Pride flags at 4 Windsor-Essex public schools vandalized or stolen

·3 min read
The Pride flag flies outside the administration office of the Greater Essex County District School Board in Windsor, Ont., in a photo posted to the board's Twitter account. (Greater Essex County District School Board/Twitter - image credit)
The Pride flag flies outside the administration office of the Greater Essex County District School Board in Windsor, Ont., in a photo posted to the board's Twitter account. (Greater Essex County District School Board/Twitter - image credit)

The Greater Essex County District School Board (GECDSB) said Pride flags at four schools in the region have been stolen or vandalized this week.

School within the board, along with board offices, are flying the Pride flag this month as a show of support for LGBTQ students and staff.

Police have been contacted and will be investigating the incidents, the board said on Friday.

"Certainly we would like the perpetrators brought to justice because nobody should feel that they're in any danger," said Josh Canty, superintendent of education.

"The flags were put up for a reason, so that our students feel included and safe, all of our students feel that they're in a welcoming space, and for people to do this — it's just a heinous crime. It's a hate crime and the police are aware and they're following up."

In a statement to CBC News, Const. Talya Natyshak of Windsor police confirmed the service is investigating a report of mischief and theft involving a Pride flag at a local high school and encouraged anyone with information to contact police or Crime Stoppers.

Canty said they were able to put flags back up in those schools and received calls thanking them for doing so.

"They realize that we're listening. This isn't something we're going to sweep under the rug," he said. "Of course, there's going to be pushback when when people are trying to do good things sometimes. But we're here to support our staff and students, and now we're going to double down and ensure our support."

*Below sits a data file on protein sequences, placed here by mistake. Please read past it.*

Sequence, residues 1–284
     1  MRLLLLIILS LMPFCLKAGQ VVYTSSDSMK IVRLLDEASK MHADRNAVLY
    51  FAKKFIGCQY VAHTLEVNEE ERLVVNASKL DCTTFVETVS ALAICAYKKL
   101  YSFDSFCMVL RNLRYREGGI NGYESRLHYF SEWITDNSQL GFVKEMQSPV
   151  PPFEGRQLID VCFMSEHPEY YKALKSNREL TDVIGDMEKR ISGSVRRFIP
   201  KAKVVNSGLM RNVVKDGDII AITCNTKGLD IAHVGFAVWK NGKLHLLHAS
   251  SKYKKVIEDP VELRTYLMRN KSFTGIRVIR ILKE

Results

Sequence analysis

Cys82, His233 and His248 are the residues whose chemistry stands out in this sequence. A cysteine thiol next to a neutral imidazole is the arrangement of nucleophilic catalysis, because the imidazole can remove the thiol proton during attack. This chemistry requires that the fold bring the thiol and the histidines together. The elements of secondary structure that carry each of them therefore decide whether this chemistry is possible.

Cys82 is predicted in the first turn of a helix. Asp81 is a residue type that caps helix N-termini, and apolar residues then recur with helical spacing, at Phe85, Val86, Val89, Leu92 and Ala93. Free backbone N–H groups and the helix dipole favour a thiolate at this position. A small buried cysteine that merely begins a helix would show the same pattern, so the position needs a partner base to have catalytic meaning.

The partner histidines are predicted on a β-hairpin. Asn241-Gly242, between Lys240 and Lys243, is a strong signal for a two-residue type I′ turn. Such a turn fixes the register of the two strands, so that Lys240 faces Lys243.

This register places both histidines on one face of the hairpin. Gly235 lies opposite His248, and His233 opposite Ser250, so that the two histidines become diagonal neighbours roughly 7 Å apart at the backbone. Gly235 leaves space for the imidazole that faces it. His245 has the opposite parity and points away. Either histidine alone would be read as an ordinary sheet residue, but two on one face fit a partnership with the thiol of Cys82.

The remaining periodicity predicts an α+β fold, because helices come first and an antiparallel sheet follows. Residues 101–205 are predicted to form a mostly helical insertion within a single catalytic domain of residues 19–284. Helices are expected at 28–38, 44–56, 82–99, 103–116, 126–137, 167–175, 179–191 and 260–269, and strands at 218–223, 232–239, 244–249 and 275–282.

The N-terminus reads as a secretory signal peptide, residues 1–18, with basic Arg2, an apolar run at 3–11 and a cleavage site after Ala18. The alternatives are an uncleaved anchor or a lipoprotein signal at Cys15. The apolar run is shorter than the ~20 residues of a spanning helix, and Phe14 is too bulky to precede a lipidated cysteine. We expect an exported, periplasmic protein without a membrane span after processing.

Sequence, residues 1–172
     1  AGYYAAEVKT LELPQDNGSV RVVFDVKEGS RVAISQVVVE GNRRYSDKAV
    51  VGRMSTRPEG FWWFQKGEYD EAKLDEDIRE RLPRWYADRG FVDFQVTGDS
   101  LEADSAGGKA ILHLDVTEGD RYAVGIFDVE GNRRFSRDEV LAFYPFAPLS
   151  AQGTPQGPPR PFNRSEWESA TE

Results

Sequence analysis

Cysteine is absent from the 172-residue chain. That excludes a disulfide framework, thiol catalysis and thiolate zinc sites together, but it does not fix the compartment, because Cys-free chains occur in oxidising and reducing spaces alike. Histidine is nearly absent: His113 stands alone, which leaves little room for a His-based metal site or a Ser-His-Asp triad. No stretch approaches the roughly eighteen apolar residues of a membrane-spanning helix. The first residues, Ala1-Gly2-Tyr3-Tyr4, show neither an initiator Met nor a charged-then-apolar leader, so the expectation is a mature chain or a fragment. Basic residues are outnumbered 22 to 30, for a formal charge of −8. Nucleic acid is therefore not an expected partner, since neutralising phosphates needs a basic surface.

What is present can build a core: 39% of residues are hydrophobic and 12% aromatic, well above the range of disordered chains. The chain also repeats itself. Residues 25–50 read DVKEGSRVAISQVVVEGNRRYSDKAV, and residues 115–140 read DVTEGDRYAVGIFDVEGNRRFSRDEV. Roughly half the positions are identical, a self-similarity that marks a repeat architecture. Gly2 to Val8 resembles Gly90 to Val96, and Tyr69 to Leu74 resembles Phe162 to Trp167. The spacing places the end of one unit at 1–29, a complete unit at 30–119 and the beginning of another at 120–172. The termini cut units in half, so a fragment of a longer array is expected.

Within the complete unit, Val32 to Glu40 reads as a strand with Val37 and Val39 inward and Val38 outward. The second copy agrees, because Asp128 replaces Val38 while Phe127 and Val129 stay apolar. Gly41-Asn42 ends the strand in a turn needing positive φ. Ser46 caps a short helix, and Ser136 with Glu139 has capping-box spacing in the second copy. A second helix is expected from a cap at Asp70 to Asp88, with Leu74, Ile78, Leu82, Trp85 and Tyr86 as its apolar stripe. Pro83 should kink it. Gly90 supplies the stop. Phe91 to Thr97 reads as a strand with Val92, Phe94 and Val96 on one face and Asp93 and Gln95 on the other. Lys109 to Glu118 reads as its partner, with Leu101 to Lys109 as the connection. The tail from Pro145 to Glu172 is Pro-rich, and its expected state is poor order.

Sydney Brouillard-Coyle, education lead and non-binary peer mentor at Trans Wellness Ontario, described the incidents as a disappointment and said it's a sign that more work must be done.

"We know that this type of hate is a reality for many trans and queer folks, and especially young folks who experience this within school settings," said Brouillard-Coyle, whose pronouns are ney, nem and nir.

Noting the higher rates of harassment, discrimination and suicide LGBTQ people face, ney said the community needs more vocal allies.

"It is up to everybody, up to teachers, up to school boards, up to individuals, health-care providers, everyone within every field to do the work to ensure that their spaces are safe, to do the work to learn how to be allies, how to be effective allies, supporting trans and queer folks," ney said.

Supports available at school, in the community

Trans Wellness Ontario offers services such as mentorship, counselling and social drop-ins, ney said.

"It's important to be with other folks in the community who understand what it's like to go through something like this and just to know that you're not alone. So those who are affected, I definitely encourage you to reach out to us because we are here to support you," Brouillard-Coyle said.

The school board said that any students or staff affected by these incidents, or any others, are urged to speak with administration or a trusted adult to get support.  A link to mental health and well-being supports is available on the board's website.

Windsor police say high school resource officers can also help connect students to appropriate supports within their school.

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